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From TOKI...@aol.com
Subject Re: Platform Specific MPM Design Questions
Date Thu, 25 May 2000 04:17:55 GMT

In a message dated 00-05-25 00:30:49 EDT, William Rowe writes...

> Ok... the remaining problem is the return; from service_main,
> and it looks like we need to block there as well for the
> service to completely terminate.  If we block in service_main,
> we can idle the thread while Apache lives.
>  
> I'll try your idea first, and then return to my original
> concept only if this fails horribly.

After looking a little closer at what it is you are really trying to
do here at kickoff time I think what you have here is a classic 
situation for using 'Fibers' instead of threads.

'Fibers' are unique to Windows ( which is the only OS you are
trying to solve the Service startup for anyway ) and they would
give you exactly what you want including full access to the
primary Tls ( Thread Local Storage ) for the lifetime of the fiber.

Fibers are actually very cool... I wish pthreads had them.

A fiber is 'like' a thread but it allows you to 'peel off' and start 
another thread of execution that actually shares the exact same
Tls and resources as the thread that launched the fiber.
The overhead to create one is as low as it can be ( much less than
a thread and much much much less than a process ).

After you call 'CreateFiber()' ( any number of times like setting the
horses into the gate ) You can then just fire one or more off at
once with 'SwitchToFiber()'.

Fibers are unique in that they instantiate themselves but since
they share ALL the resources of the parent thread ( Including the
CPU and the clock ) they won't start 'executing' until you allow them to.

Once all your 'Fibers' are created and running they can all control
each other and you don't even need to use any 'wait' objects like you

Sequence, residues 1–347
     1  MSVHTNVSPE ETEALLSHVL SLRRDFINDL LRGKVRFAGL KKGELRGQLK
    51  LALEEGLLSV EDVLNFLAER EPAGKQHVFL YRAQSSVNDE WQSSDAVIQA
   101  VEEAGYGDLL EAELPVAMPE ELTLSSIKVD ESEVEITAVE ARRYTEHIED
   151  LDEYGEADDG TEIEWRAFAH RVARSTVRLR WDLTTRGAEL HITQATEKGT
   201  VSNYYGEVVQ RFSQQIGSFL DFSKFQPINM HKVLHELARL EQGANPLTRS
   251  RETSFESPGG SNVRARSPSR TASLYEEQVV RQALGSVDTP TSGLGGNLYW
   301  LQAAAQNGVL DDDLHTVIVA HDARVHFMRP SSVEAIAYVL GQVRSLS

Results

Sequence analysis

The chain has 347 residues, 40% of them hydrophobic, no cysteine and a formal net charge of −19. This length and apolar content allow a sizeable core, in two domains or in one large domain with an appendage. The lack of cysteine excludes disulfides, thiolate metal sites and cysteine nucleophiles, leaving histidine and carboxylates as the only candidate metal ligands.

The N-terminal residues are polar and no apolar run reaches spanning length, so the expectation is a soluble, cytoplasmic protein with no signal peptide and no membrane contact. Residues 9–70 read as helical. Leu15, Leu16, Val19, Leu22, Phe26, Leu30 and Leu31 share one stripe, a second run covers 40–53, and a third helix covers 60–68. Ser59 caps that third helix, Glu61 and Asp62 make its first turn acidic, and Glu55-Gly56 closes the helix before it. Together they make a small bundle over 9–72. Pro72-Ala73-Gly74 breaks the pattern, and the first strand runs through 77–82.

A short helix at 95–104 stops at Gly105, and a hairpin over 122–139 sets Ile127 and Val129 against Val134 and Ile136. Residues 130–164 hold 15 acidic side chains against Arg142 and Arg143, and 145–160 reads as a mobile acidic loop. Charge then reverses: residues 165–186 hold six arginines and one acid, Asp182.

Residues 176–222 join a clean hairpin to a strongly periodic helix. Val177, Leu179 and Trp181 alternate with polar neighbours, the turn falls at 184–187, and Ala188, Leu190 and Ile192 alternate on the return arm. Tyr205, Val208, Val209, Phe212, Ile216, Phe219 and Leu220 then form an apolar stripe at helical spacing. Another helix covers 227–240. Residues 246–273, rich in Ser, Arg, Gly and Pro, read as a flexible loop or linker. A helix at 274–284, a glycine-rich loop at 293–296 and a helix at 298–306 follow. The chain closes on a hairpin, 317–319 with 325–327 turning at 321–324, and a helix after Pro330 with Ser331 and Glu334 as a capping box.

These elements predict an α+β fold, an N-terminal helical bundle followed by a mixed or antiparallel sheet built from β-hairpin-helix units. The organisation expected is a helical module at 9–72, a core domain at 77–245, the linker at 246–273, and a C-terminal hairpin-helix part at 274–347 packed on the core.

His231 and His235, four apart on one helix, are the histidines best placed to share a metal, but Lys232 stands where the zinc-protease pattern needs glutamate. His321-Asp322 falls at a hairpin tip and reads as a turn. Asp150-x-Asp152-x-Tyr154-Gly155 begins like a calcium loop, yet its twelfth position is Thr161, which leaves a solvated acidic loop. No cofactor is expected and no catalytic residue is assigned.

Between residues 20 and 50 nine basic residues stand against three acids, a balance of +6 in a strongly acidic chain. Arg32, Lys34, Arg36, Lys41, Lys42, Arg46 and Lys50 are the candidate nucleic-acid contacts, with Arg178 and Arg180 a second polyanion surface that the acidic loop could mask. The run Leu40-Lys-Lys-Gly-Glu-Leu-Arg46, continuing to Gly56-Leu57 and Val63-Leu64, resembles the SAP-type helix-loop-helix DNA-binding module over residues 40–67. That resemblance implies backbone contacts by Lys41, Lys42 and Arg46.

would with normal threads.

When the fiber(s) are 'done'... your IP counter is exactly where it
was before the first call to 'SwitchToFiber' in your main thread
of execution ( if that's the way you want to do it ).

The really neat trick is that you can use turn any FIBER into a real
THREAD or vice versa with calls to 'ConvertThreadToFiber()' and such.

This might be a neat trick for starting a 'Service' in the manner you
are thinking of. A fiber might be the best way to hold up 'main()' and
do whatever and if all seems to be OK you can still start the Service
normally on the fiber ( The Service Control Manager isn't going to know 
it's a fiber and not a thread at that point ) and if you want to keep the 
fiber 
itself that started the Service because all was deemed AOK then just 
turn that fiber into a real 'Thread' and, as they say in the tri-state
area... FUUHGETABOUTIT while it happily 'runs' the Service.

If it FAILS while trying to work things out with the SCM then no
harm done... the 'Fiber' can terminate without ever actually becoming
a 'real' thread and you end up right where you want to be with
error code in hand ( back in main() ).

A lot of MSIE and Internet Information Server itself is based on
Fibers. You can see them with an ICE machine during runtime 
when all these 'threads' beging to appear but they actually all share 
the same exact resources and Tls. They don't have to jump through 
hoops like shared memory as one would often need to do with
'CreateThread()' and the overhead remains as low as it can get.

There are tons of Fiber samples in the MSVC SDK. One is a 
entitled 'Fibers Sample: Fiber-based File Copy Operations'
and it is actually 're-enters main()' in the same way I believe
you wish to do here to get a Win32 Service up and kicking.

Just a thought. Anything else might be a little like going to
New York via China. The fiber approach would probably also handle
the other things this 'startup' scheme will have to deal with as
well such as... what if the Service is already running and has
to be 'stopped' and 'started' again before the jump-back, etc.




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